The White House said Friday newly revealed FBI records show there is “extreme bias” against President Donald Trump among senior leadership at the FBI.
The blast came just hours before Trump was scheduled to speak at the FBI training academy in Quantico, VA.
Trump, who has described the agency as “in tatters,” is to speak at a ceremony at the FBI campus for law enforcement leaders graduating from a program aimed at raising law enforcement standards.
Deputy press secretary Hogan Gidley told Fox News Channel that edits to former FBI Director James Comey’s statement on Hillary Clinton’s private email server and text messages from a top agent critical of Trump are “deeply troubling.”
“There is extreme bias against this president with high-up members of the team there at the FBI who were investigating Hillary Clinton at the time,” Gidley charged, as special counsel Robert Mueller pushes on with a probe that Trump has labeled a “witch hunt.”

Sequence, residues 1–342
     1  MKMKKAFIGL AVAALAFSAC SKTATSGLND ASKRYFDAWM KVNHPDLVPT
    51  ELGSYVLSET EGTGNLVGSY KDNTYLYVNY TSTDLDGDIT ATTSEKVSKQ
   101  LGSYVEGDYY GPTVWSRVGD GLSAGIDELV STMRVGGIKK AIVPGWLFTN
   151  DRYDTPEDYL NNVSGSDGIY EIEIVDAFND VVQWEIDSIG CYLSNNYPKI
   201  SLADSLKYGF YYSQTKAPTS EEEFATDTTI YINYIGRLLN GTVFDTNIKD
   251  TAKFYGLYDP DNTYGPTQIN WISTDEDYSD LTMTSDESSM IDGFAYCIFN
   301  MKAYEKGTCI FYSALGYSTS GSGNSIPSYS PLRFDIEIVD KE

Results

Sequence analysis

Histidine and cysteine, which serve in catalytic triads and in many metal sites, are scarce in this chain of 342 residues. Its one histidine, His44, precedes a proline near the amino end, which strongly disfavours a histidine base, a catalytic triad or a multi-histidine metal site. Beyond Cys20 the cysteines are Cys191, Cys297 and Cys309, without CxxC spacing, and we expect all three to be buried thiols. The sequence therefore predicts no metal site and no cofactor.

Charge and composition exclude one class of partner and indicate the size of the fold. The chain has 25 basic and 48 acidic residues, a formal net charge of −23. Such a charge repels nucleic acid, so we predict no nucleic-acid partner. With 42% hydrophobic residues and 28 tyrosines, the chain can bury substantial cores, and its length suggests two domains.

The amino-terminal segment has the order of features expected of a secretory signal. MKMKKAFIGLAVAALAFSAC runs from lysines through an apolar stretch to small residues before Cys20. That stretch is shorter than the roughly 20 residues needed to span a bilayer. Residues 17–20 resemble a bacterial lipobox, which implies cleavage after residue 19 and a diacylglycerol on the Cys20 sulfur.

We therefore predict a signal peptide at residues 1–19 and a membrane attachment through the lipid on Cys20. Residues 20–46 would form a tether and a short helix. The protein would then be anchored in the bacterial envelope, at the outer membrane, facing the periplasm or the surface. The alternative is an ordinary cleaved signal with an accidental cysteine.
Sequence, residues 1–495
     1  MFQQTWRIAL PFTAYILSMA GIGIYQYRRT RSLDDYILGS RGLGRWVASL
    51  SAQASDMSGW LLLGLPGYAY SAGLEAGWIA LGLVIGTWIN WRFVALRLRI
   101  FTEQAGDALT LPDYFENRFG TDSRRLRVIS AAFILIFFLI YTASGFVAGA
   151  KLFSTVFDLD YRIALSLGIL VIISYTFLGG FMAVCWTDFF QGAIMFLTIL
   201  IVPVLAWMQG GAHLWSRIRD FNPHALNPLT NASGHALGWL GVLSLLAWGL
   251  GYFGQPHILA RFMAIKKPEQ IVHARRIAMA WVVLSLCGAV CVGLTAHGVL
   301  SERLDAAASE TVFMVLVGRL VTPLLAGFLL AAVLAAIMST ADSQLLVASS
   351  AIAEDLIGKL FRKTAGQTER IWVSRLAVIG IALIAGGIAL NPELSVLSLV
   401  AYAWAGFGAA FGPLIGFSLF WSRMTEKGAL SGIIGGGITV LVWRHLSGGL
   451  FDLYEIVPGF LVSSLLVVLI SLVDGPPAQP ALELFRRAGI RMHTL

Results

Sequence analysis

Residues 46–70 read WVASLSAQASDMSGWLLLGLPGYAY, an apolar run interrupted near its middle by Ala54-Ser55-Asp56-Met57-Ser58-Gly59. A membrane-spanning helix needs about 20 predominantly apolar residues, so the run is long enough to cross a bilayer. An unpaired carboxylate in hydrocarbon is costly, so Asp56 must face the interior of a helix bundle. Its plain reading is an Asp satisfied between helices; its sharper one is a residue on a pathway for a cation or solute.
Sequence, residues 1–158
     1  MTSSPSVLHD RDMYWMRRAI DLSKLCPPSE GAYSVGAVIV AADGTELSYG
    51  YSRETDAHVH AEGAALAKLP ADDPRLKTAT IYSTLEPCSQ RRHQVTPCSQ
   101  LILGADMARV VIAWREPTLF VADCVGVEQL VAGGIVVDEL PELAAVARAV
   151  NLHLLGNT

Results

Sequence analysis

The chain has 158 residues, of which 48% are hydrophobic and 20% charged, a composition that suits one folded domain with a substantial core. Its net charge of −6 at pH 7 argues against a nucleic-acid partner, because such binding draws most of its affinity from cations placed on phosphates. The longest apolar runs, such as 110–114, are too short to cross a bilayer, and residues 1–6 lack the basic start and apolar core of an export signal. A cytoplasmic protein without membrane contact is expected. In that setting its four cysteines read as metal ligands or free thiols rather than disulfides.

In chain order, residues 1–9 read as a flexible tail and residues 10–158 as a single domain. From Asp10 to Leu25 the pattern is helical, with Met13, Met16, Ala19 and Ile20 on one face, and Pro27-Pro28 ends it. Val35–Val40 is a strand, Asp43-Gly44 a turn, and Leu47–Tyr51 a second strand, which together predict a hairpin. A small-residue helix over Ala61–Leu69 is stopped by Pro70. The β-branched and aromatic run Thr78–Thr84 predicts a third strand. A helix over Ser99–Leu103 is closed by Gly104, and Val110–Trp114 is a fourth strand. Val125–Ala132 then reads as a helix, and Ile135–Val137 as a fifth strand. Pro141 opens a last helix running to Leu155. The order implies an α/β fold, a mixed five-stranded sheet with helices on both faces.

Gidley says Trump maintains confidence in the FBI’s rank-and-file.
Edits to the Comey draft soften the gravity of the bureau’s finding in its 2016 investigation of Hillary Clinton’s use of a private email server while secretary of state — a political move to critics say was done to help boost Hillary’s election chances.
Gidley also said the disclosure of an anti-Trump conspiracy via text messages sent by one of the agents on the Clinton case, Peter Strzok, were “eye-opening.”
Strzok, who was in the room as Clinton was interviewed, was later assigned to special counsel Robert Mueller’s team to investigate potential coordination between Russia and the Trump campaign. He was re-assigned after the messages, where he talked about working behind the scenes to undermine Trump, were uncovered this summer.
About 200 leaders in law enforcement from around the country attended the weeks-long FBI National Academy program aimed at raising law enforcement standards and cooperation. Coursework included intelligence theory, terrorism and terrorist mindsets, law, behavioral science, law enforcement communication, and forensic science.
The Associated Press contributed to this article.